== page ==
Beginning in 2017, as part of our project working with older Londoners we ran an oral history project to record people’s memories of the Thames and the foreshore and how it’s changed over time. City Bridge Trust provided the funding and members of the Foreshore Recording and Observation Group (FROGs) found people with stories to tell. Between August 2017 and July 2019 we recorded twelve oral history interviews.

A group of FROG volunteers consisting of Adam Morris, Graham Strudwick, Shirley Regan, Margaret Daly and Antonia Merrick researched the background and context to the interviews. On these pages you can explore the themes highlighted by the researchers and listen to excerpts from the recordings.

The Themes
The research volunteers identified key themes on which to focus and draw together stories from different interviewees.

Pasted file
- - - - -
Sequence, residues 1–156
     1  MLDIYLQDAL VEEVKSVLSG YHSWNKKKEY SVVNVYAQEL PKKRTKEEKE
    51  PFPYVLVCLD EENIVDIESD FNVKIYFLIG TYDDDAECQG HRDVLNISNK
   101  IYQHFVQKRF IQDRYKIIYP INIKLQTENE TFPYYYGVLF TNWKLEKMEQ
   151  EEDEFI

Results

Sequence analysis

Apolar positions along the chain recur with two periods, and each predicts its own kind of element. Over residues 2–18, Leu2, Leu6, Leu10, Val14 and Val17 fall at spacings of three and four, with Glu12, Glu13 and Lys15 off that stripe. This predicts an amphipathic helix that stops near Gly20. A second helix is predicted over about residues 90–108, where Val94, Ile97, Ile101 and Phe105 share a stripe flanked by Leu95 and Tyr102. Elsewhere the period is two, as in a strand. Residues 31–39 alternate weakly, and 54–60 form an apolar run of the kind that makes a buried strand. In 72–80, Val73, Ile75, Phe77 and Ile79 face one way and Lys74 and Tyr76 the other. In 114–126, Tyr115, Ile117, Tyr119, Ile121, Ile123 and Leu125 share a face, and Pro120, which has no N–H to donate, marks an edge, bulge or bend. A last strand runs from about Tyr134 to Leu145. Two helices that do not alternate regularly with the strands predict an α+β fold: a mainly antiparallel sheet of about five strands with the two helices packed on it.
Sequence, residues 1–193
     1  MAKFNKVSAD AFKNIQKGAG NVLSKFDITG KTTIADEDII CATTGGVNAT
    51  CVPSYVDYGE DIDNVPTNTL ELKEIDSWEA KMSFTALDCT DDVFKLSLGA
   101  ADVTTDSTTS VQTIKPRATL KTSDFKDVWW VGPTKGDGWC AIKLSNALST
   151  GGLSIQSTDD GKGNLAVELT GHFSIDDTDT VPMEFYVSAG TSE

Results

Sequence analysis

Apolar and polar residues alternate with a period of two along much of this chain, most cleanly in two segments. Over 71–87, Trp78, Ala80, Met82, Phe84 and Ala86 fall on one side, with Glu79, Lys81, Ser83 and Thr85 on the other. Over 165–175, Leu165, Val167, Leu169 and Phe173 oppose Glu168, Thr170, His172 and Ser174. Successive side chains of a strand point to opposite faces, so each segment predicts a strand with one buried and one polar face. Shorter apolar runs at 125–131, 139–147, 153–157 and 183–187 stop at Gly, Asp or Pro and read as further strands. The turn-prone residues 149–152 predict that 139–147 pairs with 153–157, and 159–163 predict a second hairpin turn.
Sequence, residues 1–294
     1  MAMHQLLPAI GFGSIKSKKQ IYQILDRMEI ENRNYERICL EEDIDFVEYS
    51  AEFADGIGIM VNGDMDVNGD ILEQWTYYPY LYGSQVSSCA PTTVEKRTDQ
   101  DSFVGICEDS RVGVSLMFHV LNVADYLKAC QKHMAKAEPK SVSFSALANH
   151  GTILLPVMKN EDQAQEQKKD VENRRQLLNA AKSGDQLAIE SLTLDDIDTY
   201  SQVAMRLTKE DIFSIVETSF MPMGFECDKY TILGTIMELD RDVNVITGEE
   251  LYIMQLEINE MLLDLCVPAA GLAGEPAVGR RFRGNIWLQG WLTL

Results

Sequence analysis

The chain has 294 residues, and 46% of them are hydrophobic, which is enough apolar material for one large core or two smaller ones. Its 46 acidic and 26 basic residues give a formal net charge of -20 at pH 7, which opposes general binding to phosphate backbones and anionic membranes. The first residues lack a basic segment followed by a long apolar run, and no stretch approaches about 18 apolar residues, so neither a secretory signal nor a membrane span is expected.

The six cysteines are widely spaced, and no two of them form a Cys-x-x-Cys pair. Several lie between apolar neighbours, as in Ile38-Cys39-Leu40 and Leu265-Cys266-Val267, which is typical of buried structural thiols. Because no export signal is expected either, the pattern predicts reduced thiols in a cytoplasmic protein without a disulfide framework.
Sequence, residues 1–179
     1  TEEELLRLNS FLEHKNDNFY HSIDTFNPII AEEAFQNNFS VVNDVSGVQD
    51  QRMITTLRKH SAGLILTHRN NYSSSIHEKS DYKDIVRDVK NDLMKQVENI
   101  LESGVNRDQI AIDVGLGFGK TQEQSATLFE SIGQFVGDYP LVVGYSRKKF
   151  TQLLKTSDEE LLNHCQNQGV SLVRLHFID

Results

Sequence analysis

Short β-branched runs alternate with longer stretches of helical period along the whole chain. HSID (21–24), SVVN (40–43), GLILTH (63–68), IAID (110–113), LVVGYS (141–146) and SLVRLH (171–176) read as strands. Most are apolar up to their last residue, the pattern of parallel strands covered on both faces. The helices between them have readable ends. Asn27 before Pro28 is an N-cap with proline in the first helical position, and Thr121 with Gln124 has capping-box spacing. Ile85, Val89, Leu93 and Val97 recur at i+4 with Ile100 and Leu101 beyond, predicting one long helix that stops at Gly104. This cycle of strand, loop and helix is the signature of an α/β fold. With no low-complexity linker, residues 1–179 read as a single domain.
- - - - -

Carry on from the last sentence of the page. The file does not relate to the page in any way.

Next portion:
·  Boats and transport

·  Business and Industry

·  Environment and Flooding

·  Mudlarking Memories

·  Sport and Leisure

The archive of oral histories, including the full interviews, is now available at the Bishopsgate Institute (see picture above) were provided by: Hilary Davies, Elizabeth Wood, John Tough, Fred Rooke, Irene M. Raven, Euan Graham, Ken Dwan, Hazel Brothers, Philip Baxter, Pat Wilson, Stephen Manning, and Freda Hammerton.

We are dedicating this project in remembrance of our volunteer Jeanne Lewis and our interviewee Freda Hammerton. Jeanne volunteered with Thames Discovery Programme for many years, and helped coordinate the oral history project.

Thames Discovery Programme is indebted to the generous funding provided by City Bridge Trust. We are especially grateful to the interviewees who kindly consented to narrate their memories and to the FROG volunteers who recorded, transcribed, summarised and researched the background to those memories. We would also like to thank the Bishopsgate Archive for agreeing to be the final repository for the work.